Reducing acute and chronic hypoxia in tumours by combining nicotinamide with carbogen breathing

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The ability of nicotinamide and carbogen breathing to improve the radiation response of a C3H mammary carcinoma by reducing both acute and chronic hypoxia was investigated. Using a tumour growth delay assay the response of 200 mm3 foot tumours to local irradiation was found to be increased by either injecting nicotinamide (100-1,000 mg/kg) 20 min prior to irradiation, or by allowing mice to breathe carbogen for 10 min before and during the radiation treatment. The greatest radiosensitization occurred when nicotinamide and carbogen were combined. With a histological fluorescent staining technique nicotinamide was shown to prevent transient stoppages in microregional blood flow, and also appeared to improve tumour oxygenation as measured with an Eppendorf oxygen electrode, both effects being consistent with its ability to decrease perfusion limited acute hypoxia. Carbogen had no effect on vessel closure, but it significantly improved tumour oxygenation, which was indicative of it reducing diffusion limited chronic hypoxia.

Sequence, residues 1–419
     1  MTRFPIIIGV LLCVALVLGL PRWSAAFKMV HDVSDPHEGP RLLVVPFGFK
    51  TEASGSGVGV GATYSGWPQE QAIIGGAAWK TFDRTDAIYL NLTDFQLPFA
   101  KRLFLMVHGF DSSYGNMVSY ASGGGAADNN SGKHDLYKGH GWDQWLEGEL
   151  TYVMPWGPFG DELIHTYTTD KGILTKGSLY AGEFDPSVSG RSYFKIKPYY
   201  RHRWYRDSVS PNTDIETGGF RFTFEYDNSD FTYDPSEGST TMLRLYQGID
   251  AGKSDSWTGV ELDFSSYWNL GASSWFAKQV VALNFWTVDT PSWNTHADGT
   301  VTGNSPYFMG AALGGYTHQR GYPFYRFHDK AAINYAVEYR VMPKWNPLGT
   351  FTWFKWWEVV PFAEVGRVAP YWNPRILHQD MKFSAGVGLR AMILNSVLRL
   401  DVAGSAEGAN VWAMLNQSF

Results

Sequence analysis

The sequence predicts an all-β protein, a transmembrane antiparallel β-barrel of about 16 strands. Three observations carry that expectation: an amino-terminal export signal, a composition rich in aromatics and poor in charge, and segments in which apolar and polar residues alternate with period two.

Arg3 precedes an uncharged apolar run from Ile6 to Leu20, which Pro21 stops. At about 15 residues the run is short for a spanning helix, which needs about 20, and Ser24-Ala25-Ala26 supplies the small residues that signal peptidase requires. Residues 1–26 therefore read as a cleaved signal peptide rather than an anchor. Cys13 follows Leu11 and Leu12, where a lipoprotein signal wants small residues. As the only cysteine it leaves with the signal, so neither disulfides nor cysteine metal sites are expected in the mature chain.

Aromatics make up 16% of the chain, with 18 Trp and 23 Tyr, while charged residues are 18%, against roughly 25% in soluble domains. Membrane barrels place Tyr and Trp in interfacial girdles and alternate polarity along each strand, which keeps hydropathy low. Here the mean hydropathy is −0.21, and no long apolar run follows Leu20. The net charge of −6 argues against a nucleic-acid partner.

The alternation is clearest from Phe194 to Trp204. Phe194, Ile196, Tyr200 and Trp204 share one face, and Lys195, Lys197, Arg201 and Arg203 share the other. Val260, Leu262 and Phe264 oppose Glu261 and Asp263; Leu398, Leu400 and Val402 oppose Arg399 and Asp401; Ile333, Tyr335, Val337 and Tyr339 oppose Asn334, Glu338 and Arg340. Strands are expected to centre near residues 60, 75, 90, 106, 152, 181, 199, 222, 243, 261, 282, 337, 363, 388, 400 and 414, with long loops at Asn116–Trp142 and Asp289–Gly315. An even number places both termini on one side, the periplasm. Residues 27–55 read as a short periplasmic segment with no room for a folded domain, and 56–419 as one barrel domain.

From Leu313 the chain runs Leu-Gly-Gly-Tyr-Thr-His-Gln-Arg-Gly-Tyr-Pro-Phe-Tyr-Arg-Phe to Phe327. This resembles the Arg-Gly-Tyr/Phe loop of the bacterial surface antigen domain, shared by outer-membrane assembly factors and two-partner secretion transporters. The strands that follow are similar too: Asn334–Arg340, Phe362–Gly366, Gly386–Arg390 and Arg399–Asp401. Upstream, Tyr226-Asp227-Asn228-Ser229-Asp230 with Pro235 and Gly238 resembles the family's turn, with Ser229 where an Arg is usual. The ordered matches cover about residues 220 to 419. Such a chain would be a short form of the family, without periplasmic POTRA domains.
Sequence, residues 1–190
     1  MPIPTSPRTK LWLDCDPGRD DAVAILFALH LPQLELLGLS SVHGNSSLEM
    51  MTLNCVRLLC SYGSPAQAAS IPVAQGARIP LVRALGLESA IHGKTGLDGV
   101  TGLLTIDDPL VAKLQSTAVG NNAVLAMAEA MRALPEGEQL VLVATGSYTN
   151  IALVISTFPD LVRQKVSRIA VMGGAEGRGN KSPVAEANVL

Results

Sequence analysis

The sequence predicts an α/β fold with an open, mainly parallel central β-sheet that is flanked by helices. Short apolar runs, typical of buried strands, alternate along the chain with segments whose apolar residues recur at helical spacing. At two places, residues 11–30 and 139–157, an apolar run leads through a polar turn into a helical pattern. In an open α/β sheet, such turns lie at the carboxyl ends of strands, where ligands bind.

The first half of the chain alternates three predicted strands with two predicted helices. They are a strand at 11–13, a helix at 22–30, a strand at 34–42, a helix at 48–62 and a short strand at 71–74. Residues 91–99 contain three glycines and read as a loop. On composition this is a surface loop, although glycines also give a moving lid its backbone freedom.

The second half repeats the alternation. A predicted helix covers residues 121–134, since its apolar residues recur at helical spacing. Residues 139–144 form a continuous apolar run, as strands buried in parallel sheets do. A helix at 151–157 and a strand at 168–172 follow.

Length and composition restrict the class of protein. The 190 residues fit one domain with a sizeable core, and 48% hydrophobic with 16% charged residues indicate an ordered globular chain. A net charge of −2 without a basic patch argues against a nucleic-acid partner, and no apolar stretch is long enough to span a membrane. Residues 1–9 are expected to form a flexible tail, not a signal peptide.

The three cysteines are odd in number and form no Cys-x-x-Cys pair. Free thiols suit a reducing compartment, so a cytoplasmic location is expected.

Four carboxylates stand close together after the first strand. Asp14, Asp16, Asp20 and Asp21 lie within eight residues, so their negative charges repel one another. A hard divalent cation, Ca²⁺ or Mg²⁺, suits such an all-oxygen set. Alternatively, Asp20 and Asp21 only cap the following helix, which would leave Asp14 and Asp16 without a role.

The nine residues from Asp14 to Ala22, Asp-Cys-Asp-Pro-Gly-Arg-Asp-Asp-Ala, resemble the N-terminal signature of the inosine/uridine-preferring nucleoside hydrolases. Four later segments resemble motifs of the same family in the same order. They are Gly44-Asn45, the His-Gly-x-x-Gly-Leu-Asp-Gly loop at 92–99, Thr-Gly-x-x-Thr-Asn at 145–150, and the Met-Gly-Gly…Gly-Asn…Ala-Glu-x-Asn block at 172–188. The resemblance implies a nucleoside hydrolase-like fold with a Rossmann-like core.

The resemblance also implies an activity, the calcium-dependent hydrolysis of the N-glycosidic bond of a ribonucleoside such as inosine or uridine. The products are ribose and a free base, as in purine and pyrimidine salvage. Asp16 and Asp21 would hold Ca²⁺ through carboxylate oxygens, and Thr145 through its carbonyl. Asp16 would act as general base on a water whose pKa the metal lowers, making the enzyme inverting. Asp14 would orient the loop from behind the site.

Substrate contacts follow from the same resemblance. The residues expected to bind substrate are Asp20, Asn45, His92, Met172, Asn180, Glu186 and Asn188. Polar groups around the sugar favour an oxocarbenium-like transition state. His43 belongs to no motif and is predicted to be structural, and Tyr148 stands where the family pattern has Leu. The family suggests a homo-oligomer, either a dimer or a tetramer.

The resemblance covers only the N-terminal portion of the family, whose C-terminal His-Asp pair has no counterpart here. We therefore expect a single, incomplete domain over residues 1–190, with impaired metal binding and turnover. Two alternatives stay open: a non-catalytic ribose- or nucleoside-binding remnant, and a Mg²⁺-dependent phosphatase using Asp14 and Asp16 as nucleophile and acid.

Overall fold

Original languageEnglish
JournalActa Oncologica
Pages (from-to)371-6
Number of pages6
Publication statusPublished - 1994


  • Animals
  • Carbon Dioxide
  • Cell Hypoxia
  • Female
  • Mammary Neoplasms, Experimental
  • Mice
  • Niacinamide
  • Oxygen
  • Partial Pressure
  • Radiation-Sensitizing Agents


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